But the power and ambition of Warwick were too great to allow the good understanding between the king-maker and the king to be of long duration. The first difference between them arose on the question of the king's marriage. In 1464 Warwick was employed to treat for peace with France, and was anxious to establish it on the firm basis of a matrimonial alliance. His plans were frustrated by Edward's marriage with Elizabeth Woodville. At this time Warwick is said to have been negotiating for a marriage between the king and Bona of Savoy, niece of Louis XL According to another authority, the princess proposed was Isabella of Castile. Whatever may be the truth of these reports, it is clear that Edward's marriage was not approved by Warwick, and that on the question of foreign policy they followed divergent aims. The rapid advancement of the queen's family contributed to widen the breach. When in 1467 a marriage was proposed between the king's sister Margaret and Charles of Burgundy, Warwick, true to his policy of reconciling England and France, vigorously opposed the match, and suggested in its stead a marriage with a French prince. For a time Edward seemed willing to yield, and Warwick was sent over to treat with the French king. He met him at Bouen, and was received with unusual marks of respect. The result of the conference was that ambassadors were sent by Louis to offer Edward a treaty on favourable terms. But the latter, who had already shown his dis-pleasure by depriving the archbishop of his chancellor-ship, rejected the offer, and Warwick retired in disgust to one of his castles in the north. Shortly afterwards the marriage between Charles and Margaret took place. An , apparent reconciliation between Edward and Warwick was now effected, but its hollowness was shown by the marriage of Isabella, eldest daughter of Warwick, with George, duke of Clarence, a match which Edward strenuously but vainly opposed (1468). A period of intrigue and insurrection followed. A rising in the north, under Robin of Redes-dale, was at first defeated by Montague, but the rebels were allowed to make head again. They were soon joined by Warwick and his party, who, if they did not originate, at all events encouraged the rebellion. Edward, whose troops were defeated at Edgecote, fell into Warwick's hands, and was removed to his castle at Middleham. When, however, the Lancastrians took advantage of this state of affairs and rose in arms, they were speedily put down by Warwick. Edward was released and a formal reconciliation followed (1469).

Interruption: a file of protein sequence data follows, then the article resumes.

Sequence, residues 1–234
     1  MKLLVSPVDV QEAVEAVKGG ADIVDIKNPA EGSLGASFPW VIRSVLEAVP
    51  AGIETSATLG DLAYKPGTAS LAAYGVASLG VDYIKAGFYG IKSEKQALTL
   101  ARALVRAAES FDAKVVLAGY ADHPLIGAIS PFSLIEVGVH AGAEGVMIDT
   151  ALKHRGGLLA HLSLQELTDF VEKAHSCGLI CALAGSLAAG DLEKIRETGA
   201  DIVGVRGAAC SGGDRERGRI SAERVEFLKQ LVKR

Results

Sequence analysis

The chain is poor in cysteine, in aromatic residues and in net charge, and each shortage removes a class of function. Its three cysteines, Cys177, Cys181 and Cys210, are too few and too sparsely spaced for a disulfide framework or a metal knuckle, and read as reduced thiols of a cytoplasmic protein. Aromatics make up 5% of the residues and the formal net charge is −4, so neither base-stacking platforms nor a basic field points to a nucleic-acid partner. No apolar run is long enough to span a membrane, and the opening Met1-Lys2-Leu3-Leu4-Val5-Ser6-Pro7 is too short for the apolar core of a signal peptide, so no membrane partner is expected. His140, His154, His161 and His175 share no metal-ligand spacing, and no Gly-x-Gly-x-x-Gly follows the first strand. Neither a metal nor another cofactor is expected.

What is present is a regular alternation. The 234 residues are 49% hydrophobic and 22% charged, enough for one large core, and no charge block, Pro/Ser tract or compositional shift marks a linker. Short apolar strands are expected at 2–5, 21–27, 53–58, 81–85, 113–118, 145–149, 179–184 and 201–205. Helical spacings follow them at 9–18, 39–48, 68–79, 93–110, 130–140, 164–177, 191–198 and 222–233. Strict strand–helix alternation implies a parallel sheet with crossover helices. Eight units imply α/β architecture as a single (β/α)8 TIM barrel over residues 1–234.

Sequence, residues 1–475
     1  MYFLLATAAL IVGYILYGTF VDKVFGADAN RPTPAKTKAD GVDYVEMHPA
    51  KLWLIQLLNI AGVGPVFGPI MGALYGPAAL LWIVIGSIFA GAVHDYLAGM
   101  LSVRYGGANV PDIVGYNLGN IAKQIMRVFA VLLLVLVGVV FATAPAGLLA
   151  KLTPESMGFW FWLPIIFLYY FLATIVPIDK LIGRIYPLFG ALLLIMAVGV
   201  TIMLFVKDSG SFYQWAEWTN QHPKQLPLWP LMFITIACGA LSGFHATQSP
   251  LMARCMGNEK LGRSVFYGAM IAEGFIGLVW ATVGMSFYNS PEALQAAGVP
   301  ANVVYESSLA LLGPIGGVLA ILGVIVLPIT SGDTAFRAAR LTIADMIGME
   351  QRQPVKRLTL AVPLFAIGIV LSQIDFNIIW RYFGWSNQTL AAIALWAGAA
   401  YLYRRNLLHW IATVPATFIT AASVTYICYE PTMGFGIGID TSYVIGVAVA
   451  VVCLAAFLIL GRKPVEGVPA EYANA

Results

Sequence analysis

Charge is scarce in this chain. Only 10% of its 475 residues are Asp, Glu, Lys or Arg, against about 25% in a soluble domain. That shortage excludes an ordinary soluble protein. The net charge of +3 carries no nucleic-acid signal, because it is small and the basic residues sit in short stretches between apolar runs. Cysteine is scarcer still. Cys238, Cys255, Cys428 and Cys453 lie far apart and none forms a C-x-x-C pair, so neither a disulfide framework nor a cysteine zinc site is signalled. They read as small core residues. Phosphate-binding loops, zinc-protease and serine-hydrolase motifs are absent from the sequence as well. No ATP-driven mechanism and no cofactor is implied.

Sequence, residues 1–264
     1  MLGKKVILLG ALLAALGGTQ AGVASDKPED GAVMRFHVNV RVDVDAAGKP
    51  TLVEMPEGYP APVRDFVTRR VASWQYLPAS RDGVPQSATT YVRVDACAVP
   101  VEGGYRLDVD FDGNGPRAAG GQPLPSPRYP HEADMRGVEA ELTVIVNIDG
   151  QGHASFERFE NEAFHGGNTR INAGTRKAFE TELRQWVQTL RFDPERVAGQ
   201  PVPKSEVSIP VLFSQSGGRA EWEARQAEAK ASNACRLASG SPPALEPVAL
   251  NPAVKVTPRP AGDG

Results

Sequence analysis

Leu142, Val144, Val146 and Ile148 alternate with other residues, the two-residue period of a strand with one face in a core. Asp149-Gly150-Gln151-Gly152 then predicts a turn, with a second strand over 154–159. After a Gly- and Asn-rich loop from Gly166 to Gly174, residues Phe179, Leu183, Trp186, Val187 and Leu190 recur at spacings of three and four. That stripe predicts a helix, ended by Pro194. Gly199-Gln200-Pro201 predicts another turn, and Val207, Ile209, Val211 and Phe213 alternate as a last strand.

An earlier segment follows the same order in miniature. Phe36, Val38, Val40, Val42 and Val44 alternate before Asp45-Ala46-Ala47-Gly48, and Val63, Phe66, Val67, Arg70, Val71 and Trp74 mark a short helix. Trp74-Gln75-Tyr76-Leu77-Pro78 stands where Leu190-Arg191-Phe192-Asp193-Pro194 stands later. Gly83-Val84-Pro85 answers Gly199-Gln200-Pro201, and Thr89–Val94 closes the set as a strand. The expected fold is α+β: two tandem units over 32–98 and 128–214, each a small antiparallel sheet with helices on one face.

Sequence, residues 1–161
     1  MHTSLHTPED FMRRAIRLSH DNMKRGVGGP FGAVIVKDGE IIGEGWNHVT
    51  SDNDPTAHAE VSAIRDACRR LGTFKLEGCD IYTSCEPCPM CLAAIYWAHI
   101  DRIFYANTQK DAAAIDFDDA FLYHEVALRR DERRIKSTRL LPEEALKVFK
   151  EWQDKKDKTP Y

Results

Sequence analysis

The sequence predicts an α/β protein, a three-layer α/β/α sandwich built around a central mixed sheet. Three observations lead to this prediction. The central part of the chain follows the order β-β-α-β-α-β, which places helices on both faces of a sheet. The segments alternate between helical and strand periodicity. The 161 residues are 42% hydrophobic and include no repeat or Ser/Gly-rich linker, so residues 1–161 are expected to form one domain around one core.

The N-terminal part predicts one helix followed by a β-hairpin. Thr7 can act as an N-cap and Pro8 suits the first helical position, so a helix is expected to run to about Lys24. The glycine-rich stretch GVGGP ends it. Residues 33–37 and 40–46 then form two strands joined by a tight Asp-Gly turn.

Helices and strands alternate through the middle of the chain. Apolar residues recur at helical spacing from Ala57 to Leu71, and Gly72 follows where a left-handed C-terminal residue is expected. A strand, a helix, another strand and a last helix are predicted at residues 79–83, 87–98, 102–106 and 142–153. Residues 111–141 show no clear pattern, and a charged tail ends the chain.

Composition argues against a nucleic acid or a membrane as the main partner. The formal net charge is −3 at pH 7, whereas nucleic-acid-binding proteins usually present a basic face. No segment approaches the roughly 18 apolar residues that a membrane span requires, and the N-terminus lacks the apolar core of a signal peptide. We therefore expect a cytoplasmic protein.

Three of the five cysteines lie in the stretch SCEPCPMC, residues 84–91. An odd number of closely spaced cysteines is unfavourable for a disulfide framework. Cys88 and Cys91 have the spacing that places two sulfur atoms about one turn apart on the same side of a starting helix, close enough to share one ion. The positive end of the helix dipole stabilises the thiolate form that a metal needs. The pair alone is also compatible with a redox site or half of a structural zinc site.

The situation had, however, by this time become in-tolerable. A fresh insurrection broke out in Lincolnshire, and the confessions of the leaders, who were taken by the royal troops, showed that it had been instigated by Clarence and Warwick. The king at once marched against the conspirators, who in vain attempted to collect sufficient forces, and with some difficulty escaped from the country. Warwick made for his old stronghold at Calais, but his lieutenant proved faithless, and turned his guns against him. Thereupon he took refuge at the court of France and resolved to side openly with the Lancastrians. A treaty was made between Warwick and Queen Margaret, which was cemented by the marriage of Prince Edward with Warwick's daughter Anne. This change of front naturally caused a coolness between Warwick and Clarence; but, before the latter could trim his course anew, Warwick, having obtained assistance from Louis XL, landed in the south of England. Edward was taken by surprise, and, unable to make any resistance, fled to Flanders. Warwick at once marched to London, released Henry VI. from captivity, and replaced him on the throne. A general restoration of property and position to the Lancastrians took place. Warwick and his brothers resumed their offices, and Clarence was recognized as successor to the throne in default of heirs-male to Henry VI. (1470).
But this turn of fortune was as brief as it was sudden. The house of Lancaster was finally overthrown by another revolution as capricious and inexplicable as any of those which had already marked this extraordinary conflict. Henry VI. had only been a few months on the throne when Edward, with the assistance of the duke of Burgundy, landed in Yorkshire, and, gathering troops as he went, marched upon London. He was joined by " false, fleeting, perjured" Clarence, and admitted into the capital by Warwick's brother the archbishop. On Easter-Day 1471 the forces of the king and the earl met at Barnet, and the former won a complete victory. The earl and his brother Montague were slain. Soon afterwards the battle of Tewkesbury and the death of Prince Edward extinguished the last hopes of the Lancastrian party.
The career of the king-maker is chiefly remarkable as illustrating the grandeurs and the evils of feudalism. Warwick's landed property was enormous, comprising, according to the deed by which his widow made it over to Henry VII., upwards of 110 manors in 21 counties, besides the city of Worcester, the islands of Guern-sey, Jersey, Alderney, and Sark, and various places in Wales. Commynes tells us that at Calais he was so popular that every one wore his badge, " no man esteeming himself gallant whose head was not adorned with his ragged staff." Stow (Annals) says that "at his house in London six oxen were usually eaten at a break-fast, and every tavern was full of his meat, for who that had any acquaintance in his family should have as much sodden and roast as he could carry on a long dagger." In a time of civil war and a disputed title to the throne, such a man was naturally too strong for a subject. The restoration of order and the maintenance of the sovereignty of the state rendered inevitable the disappearance of the class so vigorously represented by the "Last of the Barons."
See Dugdnle, Baronage of England; P. de Commynes, Memoirs; Lingard, History of England ; Pauli, Geschichte Englands. (G. W. P.)